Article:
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Sprecher v. Thibodeau

Supreme Court of New York, First Department

March 30, 2017

Bennett Sprecher, Plaintiff-Respondent-Appellant,
Marc Thibodeau, Defendant-Appellant-Respondent.

          Nesenoff & Miltenberg LLP, New York (Philip A. Byler of counsel), for appellant-respondent.

          Schlam Stone & Dolan LLP, New York (Erik S. Groothuis and Jonathan Mazer of counsel), for respondent-appellant.

          Tom, J.P., Moskowitz, Feinman, Gische, Kapnick, JJ.

         Order, Supreme Court, New York County (Geoffrey D. Wright, J.), entered August 2, 2016, which, upon defendant's motion to dismiss the second amended complaint, granted the motion as to the negligence claim, and denied the motion as to the tortious interference with business relations claim, unanimously modified, on the law, to grant the motion as to the tortious interference claim insofar as it is premised on the attorney comments, and otherwise affirmed, without costs.

         This dispute stems from a series of statements made by or on behalf of defendant, a press agent, about plaintiff, an aspiring Broadway producer, in connection with a Broadway musical plaintiff was producing entitled "Rebecca - The Musical." Nonparty Mark Christopher Hotton perpetrated a fraud on the musical involving the invention of fictitious investors, and in the statements at issue, defendant or his agents accused plaintiff of being complicit in the fraudulent scheme.

         The negligence claim was properly dismissed because the facts alleged are inseparable from the tort of defamation, which was admittedly time-barred (see Como v Riley, 287 A.D.2d 416, 417 [1st Dept 2001]; CPLR 215[3]). "[A] defamation cause of action is not transformed into one for negligence merely by casting it as [such]" (Colon v City of Rochester, 307 A.D.2d 742, 744 [4th Dept 2003], lv denied 100 N.Y.2d 628');">100 N.Y.2d 628 [2003] [internal quotation marks omitted]). The negligence claim additionally fails because the alleged false statements were made to third parties, not to plaintiff directly, and plaintiff did not rely on them (see White v Guarente, 43 N.Y.2d 356, 362-363 [1977]; Citytrust v Atlas Capital Corp., 173 A.D.2d 300, 302 [1st Dept 1991]).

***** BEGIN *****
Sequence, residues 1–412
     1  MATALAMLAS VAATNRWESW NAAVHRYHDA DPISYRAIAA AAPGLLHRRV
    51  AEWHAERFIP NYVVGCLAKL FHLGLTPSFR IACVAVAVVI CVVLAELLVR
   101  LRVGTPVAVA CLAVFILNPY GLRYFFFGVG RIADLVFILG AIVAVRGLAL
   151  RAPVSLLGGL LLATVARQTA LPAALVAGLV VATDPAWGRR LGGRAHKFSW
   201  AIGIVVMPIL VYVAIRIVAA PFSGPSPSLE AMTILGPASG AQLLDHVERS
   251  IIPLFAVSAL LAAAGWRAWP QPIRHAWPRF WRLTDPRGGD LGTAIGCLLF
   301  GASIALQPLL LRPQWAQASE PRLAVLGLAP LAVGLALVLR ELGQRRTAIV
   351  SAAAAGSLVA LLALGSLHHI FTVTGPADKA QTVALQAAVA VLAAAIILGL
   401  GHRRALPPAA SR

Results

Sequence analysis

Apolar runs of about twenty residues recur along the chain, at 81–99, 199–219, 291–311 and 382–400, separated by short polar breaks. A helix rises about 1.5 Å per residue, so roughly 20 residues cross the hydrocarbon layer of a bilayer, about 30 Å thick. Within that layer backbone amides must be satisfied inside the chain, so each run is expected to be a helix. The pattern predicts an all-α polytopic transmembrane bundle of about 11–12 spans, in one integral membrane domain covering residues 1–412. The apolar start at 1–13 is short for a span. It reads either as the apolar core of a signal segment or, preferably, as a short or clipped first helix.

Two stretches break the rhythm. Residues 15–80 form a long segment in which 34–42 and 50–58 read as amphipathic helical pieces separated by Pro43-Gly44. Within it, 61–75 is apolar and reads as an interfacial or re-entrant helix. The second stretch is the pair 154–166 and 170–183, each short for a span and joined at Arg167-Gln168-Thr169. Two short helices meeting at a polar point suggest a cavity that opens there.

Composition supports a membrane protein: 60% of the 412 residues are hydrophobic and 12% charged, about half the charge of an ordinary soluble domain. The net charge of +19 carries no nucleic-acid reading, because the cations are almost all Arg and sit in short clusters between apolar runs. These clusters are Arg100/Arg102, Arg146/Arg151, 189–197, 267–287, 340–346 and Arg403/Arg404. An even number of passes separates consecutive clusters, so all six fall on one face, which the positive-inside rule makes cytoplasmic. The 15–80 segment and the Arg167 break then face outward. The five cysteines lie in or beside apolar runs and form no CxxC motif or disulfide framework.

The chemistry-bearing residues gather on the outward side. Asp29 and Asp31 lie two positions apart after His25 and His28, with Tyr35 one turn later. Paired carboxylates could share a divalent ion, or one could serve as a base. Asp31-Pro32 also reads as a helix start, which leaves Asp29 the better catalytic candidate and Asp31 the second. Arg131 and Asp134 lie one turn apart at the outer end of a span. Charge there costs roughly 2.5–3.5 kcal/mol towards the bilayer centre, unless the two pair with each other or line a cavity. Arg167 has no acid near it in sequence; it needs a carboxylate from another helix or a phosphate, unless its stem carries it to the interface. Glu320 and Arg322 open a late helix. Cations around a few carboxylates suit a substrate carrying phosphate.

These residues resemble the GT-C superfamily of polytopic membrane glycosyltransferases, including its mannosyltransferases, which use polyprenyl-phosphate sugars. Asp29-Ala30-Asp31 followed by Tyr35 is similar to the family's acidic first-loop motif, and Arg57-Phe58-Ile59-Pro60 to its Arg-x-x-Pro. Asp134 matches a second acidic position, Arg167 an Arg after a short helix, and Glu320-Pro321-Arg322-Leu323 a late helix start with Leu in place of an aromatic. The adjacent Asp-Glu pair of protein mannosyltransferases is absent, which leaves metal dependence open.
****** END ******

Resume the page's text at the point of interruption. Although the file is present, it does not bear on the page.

Although the motion court denied defendant's motion to dismiss a prior version of the complaint containing the negligence claim, it appears to have done so not because the negligence claim was viable but because the complaint "outlined the basics" of a properly pleaded tortious interference claim. In any event, the doctrine of law of the case only applies to courts of coordinate jurisdiction and is not binding on this

         Court (see Martin v City of Cohoes, 37 N.Y.2d 162, 165 [1975]; Myles v Spring Val. Marketplace, LLC, 141 A.D.3d 425, 427-428 [1st Dept 2016]).

         The tortious interference claim was properly sustained insofar as it was premised on emails sent by defendant to a key investor, but not insofar as it was premised on comments made by defendant's attorney that were quoted in various news articles.